The second half would begin in much the same way and the Nationalmannschaft would pick up where they had left off before the break, but from almost nothing the home crowd would be on their feet. An innocuous looking ball into the box was only half-cleared by Erik Durm, and his Dortmund team mate Łukasz Piszczek would send in a looping cross towards Arkadiusz Milik. In a moment that would remind many older German fans of Toni Schumacher’s air-waft in the World Cup final in 1986, Manuel Neuer would completely mistime his attempt to clear, missing the ball completely as Milik guided his header into the empty net.
The shock of going behind would stir the visitors into action, but for everything they threw forward the Polish defence would find a reply. As in the 2011 friendly Szczęsny would turn out an accomplished performance, back up by a solid defensive line with the standout performance coming from tall Torino centre-back Kamil Glik.
Even when the defenders failed the woodwork would come to Poland’s aid, and when Lukas Podoski’s otherwise perfect volley crashed against the crossbar I think we all knew that it was just going to be one of those nights. With just two minutes remaining a strong run into the box by the excellent Robert Lewandowski would set up substitute Sebastian Mila for an easy finish, and one of Polish football’s great moments – at least since their great days of the 1970s – would be sealed.
Conclusions and Ratings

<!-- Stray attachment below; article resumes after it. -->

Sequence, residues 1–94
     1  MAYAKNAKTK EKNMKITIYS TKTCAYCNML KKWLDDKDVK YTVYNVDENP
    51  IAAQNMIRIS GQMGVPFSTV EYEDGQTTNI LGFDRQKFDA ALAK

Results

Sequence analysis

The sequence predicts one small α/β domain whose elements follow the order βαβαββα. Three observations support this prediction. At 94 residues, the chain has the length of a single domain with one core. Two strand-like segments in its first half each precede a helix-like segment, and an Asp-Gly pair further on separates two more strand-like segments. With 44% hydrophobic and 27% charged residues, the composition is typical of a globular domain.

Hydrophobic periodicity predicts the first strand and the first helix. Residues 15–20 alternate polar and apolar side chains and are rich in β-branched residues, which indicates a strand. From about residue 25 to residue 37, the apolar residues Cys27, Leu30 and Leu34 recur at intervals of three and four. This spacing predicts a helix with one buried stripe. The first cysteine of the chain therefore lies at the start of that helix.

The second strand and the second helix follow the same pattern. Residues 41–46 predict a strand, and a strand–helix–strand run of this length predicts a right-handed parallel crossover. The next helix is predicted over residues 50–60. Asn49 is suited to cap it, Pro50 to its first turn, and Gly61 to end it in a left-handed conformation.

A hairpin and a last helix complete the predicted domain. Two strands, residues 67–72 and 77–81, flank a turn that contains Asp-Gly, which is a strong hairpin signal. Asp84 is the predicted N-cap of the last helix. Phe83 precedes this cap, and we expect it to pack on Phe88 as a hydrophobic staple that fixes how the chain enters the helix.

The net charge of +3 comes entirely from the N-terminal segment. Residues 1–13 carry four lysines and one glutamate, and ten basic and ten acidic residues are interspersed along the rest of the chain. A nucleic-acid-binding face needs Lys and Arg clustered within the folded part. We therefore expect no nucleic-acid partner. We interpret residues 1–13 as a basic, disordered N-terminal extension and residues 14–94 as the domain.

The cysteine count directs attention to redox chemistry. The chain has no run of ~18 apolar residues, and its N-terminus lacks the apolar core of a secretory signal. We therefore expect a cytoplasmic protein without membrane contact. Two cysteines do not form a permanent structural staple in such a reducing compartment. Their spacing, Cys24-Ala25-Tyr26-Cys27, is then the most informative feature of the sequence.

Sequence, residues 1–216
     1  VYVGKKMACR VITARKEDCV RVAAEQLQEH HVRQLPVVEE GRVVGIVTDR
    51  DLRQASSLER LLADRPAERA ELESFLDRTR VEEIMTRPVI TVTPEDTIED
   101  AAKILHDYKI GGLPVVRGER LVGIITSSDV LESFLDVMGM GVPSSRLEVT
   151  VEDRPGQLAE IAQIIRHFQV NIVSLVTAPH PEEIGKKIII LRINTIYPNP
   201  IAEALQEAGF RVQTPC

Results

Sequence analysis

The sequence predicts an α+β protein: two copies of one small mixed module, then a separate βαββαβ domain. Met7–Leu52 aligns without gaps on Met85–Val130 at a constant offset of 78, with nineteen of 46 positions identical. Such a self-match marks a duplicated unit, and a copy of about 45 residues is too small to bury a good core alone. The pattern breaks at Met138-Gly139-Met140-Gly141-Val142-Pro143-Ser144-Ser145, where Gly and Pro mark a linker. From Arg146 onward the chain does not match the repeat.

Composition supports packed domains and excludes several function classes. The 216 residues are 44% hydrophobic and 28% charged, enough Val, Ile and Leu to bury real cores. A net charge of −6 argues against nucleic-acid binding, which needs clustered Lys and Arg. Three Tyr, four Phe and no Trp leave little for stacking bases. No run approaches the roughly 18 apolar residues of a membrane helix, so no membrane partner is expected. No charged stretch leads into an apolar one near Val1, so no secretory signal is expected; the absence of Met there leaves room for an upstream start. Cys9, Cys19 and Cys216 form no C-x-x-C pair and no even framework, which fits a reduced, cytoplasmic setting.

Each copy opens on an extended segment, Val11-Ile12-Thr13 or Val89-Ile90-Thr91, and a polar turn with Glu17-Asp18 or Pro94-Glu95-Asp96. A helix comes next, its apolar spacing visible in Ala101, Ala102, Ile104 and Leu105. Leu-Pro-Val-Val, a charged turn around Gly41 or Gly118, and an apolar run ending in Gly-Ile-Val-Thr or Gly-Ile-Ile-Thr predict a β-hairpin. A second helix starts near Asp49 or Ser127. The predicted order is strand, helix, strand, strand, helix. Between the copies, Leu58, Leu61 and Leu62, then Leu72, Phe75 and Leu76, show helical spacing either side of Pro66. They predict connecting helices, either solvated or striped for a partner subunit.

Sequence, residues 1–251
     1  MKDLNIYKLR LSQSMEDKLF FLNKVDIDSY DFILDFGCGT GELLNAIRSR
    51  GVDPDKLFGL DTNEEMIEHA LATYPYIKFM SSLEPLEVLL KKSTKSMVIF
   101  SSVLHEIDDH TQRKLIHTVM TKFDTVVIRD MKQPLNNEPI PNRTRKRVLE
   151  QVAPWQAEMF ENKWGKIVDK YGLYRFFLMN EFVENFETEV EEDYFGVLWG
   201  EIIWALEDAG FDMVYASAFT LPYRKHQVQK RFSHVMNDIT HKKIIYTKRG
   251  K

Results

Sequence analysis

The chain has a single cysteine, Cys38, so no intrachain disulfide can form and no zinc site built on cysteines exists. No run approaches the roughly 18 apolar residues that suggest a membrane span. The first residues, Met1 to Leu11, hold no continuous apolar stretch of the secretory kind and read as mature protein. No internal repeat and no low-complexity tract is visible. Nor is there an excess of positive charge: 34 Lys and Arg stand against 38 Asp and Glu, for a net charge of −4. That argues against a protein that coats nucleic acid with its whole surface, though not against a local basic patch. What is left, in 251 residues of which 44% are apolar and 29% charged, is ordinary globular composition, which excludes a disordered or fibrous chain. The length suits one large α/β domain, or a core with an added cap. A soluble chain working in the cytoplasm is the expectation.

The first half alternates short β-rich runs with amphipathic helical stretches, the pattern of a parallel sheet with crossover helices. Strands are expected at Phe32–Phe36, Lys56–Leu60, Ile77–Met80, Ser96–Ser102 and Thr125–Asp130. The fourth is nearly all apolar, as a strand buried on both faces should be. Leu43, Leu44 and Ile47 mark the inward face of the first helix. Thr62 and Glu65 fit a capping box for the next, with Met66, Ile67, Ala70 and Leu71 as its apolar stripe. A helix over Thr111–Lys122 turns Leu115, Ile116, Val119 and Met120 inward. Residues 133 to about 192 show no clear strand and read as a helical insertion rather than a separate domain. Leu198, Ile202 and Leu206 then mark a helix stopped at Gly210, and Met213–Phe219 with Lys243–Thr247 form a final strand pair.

Against Scotland, Germany would dominate possession and create more than enough opportunities to win the game comfortably, but would just about scrape over the line. Followers of the team would express some worry at the team’s lack of sharpness in front of goal and inability to convert possession and opportunities into goals, but this would largely be put aside on account of the post-summer malaise, personnel issues and the continuing hangover from the success in Brazil.
In Warsaw, their luck would run out. In terms of possession and opportunities things would be much the same as they had been in Dortmund, but this time their inability to find the back of the net would cost them as Poland produced two sucker punches from their handful of chances. While the result was something of a freak given the statistics, there was something inevitable about it. It is true to say that the World Cup party is well and over now.
Germany are of course not alone among the bigger footballing nations that have been caught out this week, and this may be due to the 24-team final tournament providing the lesser teams with something bigger to aim at. The defeat in Poland was of course a shock, but then so was Spain’s 2-1 defeat in Slovakia and the Iceland’s 2-0 victory over a Netherlands side that would like Germany boss the possession but fail to convert this into something more tangible.
The truth is that none of these teams are pushovers, and reputation alone is not enough to guarantee three points. One is hoping that Jogi Löw’s side react in the best possible way and turn on the power in Gelsenkirchen against the Republic of Ireland, but the return game in Dublin, the trip to Scotland and even the journey to Georgia could present possible banana skins on the road to France 2016.